Pinnipeds — animals such as seals and walruses that belong to the order Pinnipedia — are great models for vocal learning since they’re closer than other species to humans in terms of evolutionary development and diversification, the authors wrote.
The authors then tested eight wild-born, healthy and unrelated harbor seals that were between 1 and 3 weeks old and from the Seal Rehabilitation and Research Centre in the Netherlands. This center ultimately releases seals back into the wild.
As the seals heard a speaker play a 45-minute recording consisting of high noise, low noise or no playback over several days, they spontaneously called out. When the pups heard louder sea noises, they lowered their vocal pitch. During more intense noise levels, the pups used a steadier pitch — and one seal raised its voice. This behavior, called the Lombard effect, is typical for human speech when people talk louder to be more understandable, the authors said.
The seals might have lowered their pitch since lower-frequency sounds travel farther in windy environments like the one projected by the recorded audio, said Caroline Casey, a research scientist and adjunct professor at the University of California, Santa Cruz’s Institute of Marine Sciences and ocean sciences department. Casey independently peer-reviewed the study but wasn’t involved in the research.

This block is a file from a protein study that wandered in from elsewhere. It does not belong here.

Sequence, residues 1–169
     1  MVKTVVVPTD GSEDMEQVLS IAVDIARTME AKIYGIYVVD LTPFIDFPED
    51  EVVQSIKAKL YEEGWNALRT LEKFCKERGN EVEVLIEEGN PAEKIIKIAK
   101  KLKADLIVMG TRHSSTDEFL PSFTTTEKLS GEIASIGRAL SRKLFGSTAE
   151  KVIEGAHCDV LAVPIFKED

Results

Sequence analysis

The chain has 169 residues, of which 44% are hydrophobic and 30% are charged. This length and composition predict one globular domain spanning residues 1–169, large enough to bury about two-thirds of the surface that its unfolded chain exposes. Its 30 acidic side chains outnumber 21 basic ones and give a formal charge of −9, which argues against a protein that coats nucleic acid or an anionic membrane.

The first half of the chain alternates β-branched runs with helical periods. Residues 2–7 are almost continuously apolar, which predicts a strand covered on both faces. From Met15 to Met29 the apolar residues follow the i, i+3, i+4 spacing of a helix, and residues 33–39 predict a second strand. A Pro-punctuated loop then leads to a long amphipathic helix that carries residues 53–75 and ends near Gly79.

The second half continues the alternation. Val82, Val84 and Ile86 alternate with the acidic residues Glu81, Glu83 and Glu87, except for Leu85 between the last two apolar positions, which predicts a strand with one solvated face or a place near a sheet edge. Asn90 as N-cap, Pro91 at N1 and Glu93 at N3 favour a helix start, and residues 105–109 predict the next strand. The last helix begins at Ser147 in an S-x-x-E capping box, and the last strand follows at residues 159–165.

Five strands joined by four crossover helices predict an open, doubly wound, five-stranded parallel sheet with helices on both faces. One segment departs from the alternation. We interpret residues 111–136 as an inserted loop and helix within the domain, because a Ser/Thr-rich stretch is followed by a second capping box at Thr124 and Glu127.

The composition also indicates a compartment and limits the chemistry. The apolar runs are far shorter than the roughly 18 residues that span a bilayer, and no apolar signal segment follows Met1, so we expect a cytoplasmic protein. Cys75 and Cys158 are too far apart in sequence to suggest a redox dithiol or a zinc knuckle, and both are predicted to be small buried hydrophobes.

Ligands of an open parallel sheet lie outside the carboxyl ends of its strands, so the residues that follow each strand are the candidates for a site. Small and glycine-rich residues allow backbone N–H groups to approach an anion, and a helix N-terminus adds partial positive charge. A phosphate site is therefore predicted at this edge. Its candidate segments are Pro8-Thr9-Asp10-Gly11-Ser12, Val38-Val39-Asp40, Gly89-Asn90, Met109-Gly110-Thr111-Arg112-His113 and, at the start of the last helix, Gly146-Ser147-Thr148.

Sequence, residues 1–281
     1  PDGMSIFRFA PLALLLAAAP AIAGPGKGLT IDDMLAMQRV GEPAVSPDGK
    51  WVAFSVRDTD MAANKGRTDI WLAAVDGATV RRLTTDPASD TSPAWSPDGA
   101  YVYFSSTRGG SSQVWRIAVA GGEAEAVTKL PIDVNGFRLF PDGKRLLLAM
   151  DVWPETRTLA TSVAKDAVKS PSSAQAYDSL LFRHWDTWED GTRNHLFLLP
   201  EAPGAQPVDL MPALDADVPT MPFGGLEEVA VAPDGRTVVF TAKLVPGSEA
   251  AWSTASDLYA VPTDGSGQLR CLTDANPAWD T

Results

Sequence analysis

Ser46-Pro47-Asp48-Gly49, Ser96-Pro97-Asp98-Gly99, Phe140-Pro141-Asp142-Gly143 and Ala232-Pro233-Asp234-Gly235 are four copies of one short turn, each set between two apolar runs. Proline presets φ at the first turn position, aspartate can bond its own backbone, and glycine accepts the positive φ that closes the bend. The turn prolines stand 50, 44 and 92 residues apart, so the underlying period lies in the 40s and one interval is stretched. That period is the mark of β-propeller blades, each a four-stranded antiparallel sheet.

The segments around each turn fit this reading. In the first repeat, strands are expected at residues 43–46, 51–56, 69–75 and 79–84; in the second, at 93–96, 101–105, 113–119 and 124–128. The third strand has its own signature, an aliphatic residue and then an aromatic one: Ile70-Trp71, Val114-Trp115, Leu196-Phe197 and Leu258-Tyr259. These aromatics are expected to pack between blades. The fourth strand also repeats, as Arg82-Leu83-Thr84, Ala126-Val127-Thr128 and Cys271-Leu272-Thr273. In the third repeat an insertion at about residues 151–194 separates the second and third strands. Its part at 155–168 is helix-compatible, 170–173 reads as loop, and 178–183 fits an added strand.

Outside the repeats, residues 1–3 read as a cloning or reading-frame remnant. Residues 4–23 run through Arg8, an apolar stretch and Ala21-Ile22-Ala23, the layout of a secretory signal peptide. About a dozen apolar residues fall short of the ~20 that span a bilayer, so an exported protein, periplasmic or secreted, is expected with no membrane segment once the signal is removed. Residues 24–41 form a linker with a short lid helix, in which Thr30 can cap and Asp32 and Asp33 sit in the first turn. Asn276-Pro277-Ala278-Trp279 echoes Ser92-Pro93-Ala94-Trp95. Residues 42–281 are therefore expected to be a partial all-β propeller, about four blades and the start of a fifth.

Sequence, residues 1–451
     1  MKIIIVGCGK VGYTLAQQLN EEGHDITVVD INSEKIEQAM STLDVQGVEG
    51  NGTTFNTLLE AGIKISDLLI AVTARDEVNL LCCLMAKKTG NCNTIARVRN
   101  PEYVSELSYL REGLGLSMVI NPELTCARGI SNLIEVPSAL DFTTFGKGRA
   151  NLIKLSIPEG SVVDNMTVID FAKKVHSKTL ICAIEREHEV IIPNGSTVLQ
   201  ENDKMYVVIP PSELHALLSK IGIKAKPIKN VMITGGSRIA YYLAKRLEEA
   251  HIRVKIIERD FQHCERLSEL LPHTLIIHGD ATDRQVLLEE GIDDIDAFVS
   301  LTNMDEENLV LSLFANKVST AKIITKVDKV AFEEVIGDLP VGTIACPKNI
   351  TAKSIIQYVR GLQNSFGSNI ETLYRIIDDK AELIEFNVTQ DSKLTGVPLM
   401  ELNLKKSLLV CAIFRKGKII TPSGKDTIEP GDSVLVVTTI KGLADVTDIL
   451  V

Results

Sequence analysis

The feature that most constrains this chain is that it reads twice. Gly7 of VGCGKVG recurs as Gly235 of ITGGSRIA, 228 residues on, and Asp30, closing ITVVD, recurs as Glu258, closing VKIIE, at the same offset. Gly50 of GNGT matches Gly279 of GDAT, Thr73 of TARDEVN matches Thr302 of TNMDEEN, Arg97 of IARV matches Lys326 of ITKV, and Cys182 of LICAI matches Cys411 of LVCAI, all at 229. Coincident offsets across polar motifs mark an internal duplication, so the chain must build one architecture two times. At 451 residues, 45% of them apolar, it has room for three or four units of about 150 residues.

The findings showed that “seal pups have a more advanced control over their vocalisations than assumed up until now,” Ravignani said in a statement. “This control seems to be already present at only (a) few weeks of age. This is astonishing, as few other mammals seem capable of that.”
Previously, humans were thought to be the only mammals with direct neural connections between the cortex — the outer layer of the brain — and the larynx, which we use to produce vocal tone, he added. “These results show that seals may be the most promising species to find these direct connections, and unravel the mystery of speech.”
In studying which neural networks or social conditions need to be in place for language to evolve, birds have been the best animals to compare ourselves to, Casey said. That’s because during studies on environment and vocal learning or plasticity, birds — unlike most mammals — can be raised in captivity and naturally mature faster due to their short lifespans.
“However, there’s a lot of differences, especially with respect to sociology and life history between humans and birds,” she added. “We’re always looking for mammals that would be good models for the study of vocal learning.”
There haven’t been many studies on how plastic young animals’ calls can be. With “most studies, especially in the wild, you don’t actually know the age or sex sometimes of the animals that you’re recording, so it’s very difficult to get high-quality recordings of animals from different age classes,” Casey added. “Being able to look at that in this really young age group is very unique.”
Future research, the authors wrote, could further explore what other factors might be important for harbor seals’ vocal plasticity.
Baby seals share a rare vocal ability with humans, study finds